I have mentioned twice I play World of Warcraft (WoW), an interactive Internet computer game that is #1 in its field world-wide. I began playing in January 2009, mostly to understand why my husband found it so interesting. I got hooked.
My first character was a Tauren shaman, a race and class that is very interactive with nature, with quests based on environmental balance. There are two factions in WoW: the Horde and the Alliance. Horde races are Taurens, Orcs, Trolls, the Undead, and Blood Elves, with the recent addition of Goblins. Alliance races are Humans, Dwarves, Gnomes, Night Elves, Draenei, and the recent addition of Worgen. Looking at the races, it might be easy to casually characterize them as the Bad Guys and the Good Guys, but the way WoW was played then, there was no real distinction. Both factions confronted environmental degradation and committed their own versions of it. There were Third Parties they both fought, such as the Venture Company and the Defias (robbers, generally). My first few characters were on the Horde side, but eventually I had characters from both sides, and enjoyed each of them for various reasons.
There are a variety of ways to play WoW, and if you like Player versus Player (PvP) or Role Playing (RP), you can get on specific servers that cater to your preference. I enjoy Player versus Environment (PvE), which means you play the quests and interact with other players, but you do not specifically fight player characters from the other faction. I do not even duel, which PvP players find incomprehensible, and sometimes get quite rude about. All servers are based on PvE, because it is one of the ways to level up your character.
In December, Blizzard Entertainment brought out the new WoW upgrade: Cataclysm. The basis of the story is that humanoids in both factions messed with the elements, and brought forth disaster. Instead of working together to find a solution, each faction blamed the other side for what happened. With this upgrade, the philosophical basis of WoW has shifted — what was once fantasy, now has a heavy dose of reality, and the Horde is being portrayed as the “Bad Guys.” The busiest capital city of the Horde, Orgrimar, has turned FAR more industrial; it even has Goblin slums. The Undead have always warred with the living, but now they are polluting the land as well. The Alliance also got a heavy dose of not-so-happily-ever-after. The new race, Worgen, is based on werewolves out of the old Hammer films. One of my favorite Alliance areas was Westfall, because it reminded me of Southern California in the 1950s and early 1960s. Now Westfall is overrun with homeless people, crime, and gang wars. If I want that much reality all I have to do is watch the news or read a newspaper! Blizzard dumbed-down the player mechanics, apparently appealing to a younger crowd (11-year-olds?) that has trouble with logic and reading directions. They are also encouraging the whole Us versus Them view of the two factions, having new characters fighting members of the opposite faction before they even leave the “newbie” areas.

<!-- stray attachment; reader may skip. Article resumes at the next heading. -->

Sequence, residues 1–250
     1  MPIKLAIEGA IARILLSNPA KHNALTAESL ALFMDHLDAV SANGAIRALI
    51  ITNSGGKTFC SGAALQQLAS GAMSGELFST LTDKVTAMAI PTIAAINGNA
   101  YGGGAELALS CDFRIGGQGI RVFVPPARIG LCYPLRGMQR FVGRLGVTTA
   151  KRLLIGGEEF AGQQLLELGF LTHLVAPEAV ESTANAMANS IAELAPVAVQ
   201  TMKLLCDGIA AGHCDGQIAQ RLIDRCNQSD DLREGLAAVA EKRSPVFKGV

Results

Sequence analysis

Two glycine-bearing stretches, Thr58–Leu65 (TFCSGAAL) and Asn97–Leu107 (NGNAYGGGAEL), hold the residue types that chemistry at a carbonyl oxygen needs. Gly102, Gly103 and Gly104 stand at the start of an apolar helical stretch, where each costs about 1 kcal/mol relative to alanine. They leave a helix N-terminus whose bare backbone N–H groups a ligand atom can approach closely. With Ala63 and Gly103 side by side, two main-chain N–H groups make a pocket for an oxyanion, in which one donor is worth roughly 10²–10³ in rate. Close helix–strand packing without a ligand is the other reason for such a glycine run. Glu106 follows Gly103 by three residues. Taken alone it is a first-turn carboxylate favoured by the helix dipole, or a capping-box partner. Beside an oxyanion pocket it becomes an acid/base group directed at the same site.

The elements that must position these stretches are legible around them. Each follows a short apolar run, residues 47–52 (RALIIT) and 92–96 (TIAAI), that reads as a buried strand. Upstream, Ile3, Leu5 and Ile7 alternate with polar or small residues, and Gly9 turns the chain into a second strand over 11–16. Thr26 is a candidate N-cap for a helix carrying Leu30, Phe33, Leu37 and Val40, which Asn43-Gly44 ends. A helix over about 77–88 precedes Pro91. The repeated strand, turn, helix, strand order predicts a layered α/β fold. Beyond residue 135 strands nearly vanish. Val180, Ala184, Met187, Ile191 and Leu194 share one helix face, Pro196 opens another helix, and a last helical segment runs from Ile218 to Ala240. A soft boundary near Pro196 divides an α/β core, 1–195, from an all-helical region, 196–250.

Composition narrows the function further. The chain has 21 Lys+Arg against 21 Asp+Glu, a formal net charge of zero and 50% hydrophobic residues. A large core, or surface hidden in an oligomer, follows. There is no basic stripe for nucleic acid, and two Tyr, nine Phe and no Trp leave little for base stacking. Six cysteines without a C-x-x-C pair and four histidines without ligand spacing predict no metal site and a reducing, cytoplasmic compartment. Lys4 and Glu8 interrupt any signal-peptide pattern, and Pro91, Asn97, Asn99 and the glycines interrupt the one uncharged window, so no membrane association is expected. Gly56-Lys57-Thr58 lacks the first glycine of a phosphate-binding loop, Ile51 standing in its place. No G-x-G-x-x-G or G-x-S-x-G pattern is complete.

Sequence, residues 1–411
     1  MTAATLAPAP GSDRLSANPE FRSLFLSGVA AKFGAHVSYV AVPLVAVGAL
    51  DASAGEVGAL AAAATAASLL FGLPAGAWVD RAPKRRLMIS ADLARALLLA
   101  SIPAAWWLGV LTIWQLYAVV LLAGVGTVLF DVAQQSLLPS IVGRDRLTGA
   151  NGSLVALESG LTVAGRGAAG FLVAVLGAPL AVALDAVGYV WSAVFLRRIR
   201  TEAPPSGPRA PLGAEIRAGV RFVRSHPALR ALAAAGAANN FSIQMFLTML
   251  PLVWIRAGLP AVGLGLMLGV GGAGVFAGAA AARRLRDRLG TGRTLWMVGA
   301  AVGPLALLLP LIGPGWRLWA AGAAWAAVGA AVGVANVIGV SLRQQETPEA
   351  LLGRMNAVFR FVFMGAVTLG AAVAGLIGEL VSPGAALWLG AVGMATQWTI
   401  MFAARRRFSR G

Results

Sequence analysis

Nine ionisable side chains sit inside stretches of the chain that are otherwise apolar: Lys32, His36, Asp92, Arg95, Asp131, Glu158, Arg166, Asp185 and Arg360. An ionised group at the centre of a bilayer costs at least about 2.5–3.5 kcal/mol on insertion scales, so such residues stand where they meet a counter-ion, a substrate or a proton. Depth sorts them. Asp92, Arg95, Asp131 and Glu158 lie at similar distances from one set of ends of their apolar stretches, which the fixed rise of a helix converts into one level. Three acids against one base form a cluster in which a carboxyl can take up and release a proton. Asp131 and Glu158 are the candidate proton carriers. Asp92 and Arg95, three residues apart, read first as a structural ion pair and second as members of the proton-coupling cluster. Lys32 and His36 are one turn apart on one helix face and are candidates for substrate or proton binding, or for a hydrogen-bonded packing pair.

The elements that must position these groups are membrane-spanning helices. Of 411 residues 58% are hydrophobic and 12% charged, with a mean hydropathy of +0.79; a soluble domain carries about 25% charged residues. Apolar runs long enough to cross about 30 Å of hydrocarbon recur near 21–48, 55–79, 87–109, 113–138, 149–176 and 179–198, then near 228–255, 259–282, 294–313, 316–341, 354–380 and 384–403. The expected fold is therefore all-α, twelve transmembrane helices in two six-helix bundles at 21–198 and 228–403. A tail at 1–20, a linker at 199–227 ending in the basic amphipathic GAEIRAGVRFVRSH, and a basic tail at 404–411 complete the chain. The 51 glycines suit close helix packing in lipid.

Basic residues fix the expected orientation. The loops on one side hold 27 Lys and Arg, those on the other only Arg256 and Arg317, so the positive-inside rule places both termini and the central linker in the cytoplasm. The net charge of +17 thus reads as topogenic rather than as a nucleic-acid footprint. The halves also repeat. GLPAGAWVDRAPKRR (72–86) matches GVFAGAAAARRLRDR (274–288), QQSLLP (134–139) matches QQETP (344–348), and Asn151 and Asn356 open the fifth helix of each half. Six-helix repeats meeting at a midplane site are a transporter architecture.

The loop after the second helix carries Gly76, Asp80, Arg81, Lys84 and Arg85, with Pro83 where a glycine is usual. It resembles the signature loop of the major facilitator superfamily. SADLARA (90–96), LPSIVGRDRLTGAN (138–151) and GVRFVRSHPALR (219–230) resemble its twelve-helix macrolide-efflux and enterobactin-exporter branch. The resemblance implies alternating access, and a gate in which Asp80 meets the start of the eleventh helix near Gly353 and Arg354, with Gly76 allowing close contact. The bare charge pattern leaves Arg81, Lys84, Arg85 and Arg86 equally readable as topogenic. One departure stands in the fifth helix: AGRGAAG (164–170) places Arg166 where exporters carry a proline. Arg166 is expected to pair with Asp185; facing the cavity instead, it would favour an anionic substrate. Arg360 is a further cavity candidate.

A lot of WoW players are very helpful and cooperative. I have done quests in lands used by both factions, and a member of the opposite faction has come to my rescue when my character was about to be killed by a computer character. I have seen higher level characters give gear and help to lower level characters they may never see again. People will give good advice when asked. [There are also rude idiots playing, but that happens in real life, too.]
I am disappointed with many of the changes Blizzard made. I play WoW to unwind, to imagine a world that is more manageable than real life. I don’t want this much reality intruding on my fantasy. I do not want to extol industrialization and pollution, so I have deleted all but three of my Horde characters. (The only reason I left three is to have some to play with my husband’s characters.) I have cut way back on the amount of time I spend playing WoW, so guess I should thank Blizzard for curing my WoW addiction. I know people who have quit playing the game altogether because of these changes. I suppose there are people who like the new WoW — Blizzard is a commercial enterprise after all. I am wondering what effect Cataclysm has had on the number of subscribers. I wish they had adopted a more positive philosophical basis. Sigh . . .